Hello and welcome back…or just welcome, if your new around here. This post is part two, partner to the post I put up last week about travel on a budget and how to stretch your money (missed it? find it here. Your welcome!) . I’m writing this with family travel in mind because that’s what I do, but most things can be applied across the board. Also apologies for the really dull post titles.I did try to think of an interesting title or lead in, but….nah, got nothin’. So this is just a bit does-what-it-says-on-the-tin.
So…in no particular order, here are the things we do to make our budget work for us when we are traveling.
- Get the best value out of your accommodation. Whatever you stay in, make it work for you. Look for well located lodgings. Miles out might be cheaper when you book but its going to cost you time and money during your trip. Look for accommodation that offers free extras…breakfast, WiFi, parking, tea and coffee, free to use leisure facilities. This will save you time, money and make your break that little bit nicer.
- Think about what you want to see and do. Do you actually need to spend to do it? Do you really need to see every museum and attraction just because its been hyped up on every travel blog or Instagram? Probably not. I actually think some of the most iconic attractions are best enjoyed from afar. Take, for example, the Eiffel Tower in Paris or the TV tower in Berlin. We loved seeing them on the city skyline, exploring the area around them, learning about the history of each . But standing in an (hours) long queue to part with big bucks to go to the top? No thanks. We still had an Eiffel tower or TV tower experience just in a different way, for less money. Spend the money saved on something else. For us it was a HOHO bus in Paris to help make the most of our short time there. In Berlin, an afternoon spent in the Menschen Museum…something a little different,that we all really enjoyed.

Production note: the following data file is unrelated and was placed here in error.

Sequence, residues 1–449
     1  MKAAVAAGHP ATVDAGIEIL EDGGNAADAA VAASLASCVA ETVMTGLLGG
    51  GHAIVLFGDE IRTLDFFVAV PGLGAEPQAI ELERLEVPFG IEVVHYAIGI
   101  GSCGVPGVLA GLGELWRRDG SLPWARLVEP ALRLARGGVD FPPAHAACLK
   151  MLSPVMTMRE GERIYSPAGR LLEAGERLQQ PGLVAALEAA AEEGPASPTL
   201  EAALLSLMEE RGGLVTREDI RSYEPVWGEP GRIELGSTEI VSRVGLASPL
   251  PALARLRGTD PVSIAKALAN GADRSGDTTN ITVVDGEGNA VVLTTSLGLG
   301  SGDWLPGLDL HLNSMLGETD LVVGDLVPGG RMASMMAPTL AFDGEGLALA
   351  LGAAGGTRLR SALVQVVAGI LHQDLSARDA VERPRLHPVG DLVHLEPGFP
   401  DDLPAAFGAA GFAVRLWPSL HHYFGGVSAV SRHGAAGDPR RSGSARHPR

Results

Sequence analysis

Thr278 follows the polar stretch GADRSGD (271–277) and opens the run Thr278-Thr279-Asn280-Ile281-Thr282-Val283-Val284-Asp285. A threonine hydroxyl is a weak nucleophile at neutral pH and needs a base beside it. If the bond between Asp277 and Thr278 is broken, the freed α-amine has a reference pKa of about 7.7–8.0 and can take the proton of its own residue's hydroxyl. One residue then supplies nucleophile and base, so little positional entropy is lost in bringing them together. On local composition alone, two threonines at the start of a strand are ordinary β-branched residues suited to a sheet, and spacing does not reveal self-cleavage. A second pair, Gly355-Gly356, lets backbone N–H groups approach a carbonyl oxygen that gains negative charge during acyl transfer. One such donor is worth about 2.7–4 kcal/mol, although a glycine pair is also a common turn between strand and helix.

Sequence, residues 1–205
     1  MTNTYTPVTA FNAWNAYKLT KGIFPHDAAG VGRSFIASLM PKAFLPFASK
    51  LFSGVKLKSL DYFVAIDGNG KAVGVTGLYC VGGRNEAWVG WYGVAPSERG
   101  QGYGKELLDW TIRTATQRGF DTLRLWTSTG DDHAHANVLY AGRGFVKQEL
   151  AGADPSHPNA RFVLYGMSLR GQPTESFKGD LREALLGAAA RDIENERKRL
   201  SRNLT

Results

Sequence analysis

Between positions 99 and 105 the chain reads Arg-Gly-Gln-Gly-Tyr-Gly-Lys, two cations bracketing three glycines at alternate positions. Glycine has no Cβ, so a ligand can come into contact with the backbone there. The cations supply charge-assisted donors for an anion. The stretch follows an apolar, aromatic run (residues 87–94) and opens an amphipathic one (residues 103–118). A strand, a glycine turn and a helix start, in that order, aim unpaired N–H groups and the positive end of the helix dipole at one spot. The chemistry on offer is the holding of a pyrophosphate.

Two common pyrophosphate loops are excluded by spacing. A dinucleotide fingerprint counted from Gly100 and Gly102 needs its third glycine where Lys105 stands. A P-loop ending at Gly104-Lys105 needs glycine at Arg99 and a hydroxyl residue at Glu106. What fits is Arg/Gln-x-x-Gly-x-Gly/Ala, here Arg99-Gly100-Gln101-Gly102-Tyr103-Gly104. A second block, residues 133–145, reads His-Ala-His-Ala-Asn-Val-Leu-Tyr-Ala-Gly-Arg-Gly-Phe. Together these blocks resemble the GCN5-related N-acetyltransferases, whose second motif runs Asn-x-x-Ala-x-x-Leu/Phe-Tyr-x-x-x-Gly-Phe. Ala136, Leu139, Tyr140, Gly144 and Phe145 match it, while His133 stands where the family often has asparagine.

- Look for alternatives. Taking the example of the TV tower in Berlin. Ticket prices vary but a standard observation deck ticket for a family of four will cost around €45. At Panoramapunkt Berlin a family ticket will cost €17.50. For this ,you still get views across the city , a café at the top to enjoy a little something along with the views, access to an informative exhibition about the history of the area and a ride in Europe’s fastest lift.
- Food, glorious food. And drinks. When we travel we tend not to do three meals a day. It takes up time and money to do that. We tend to do a hearty breakfast at the hotel and a good late lunch/ early dinner as a main meal. In-between we just grab a snack. We try to make that a bit of a local experience… Cranberry tart on Terschelling , waffles in Germany, hot chocolate and trdelnik in Prague. We also like to visit the supermarkets. Not only do we then get to see how and where the locals shop and what they really eat, but we can also pick up refreshments on the go that don’t break the bank.
- Check out the freebies! Most destinations will have some parks, monuments, gardens that are free to visit. A city park can make a good stop off, especially if you have children who need to blow off steam. Many European cities have some great free museums. Some paying attractions will be free on certain days. Ask your hotel staff for local event listings, see what is on while you’re in town. Do your research, you might be pleasantly surprised at what you don’t need to pay for!
As always, I hope you found something helpful or interesting here. Do you have any tips or tricks that help you stretch the travel budget? Lets chat in the comments, it makes my day to hear from you.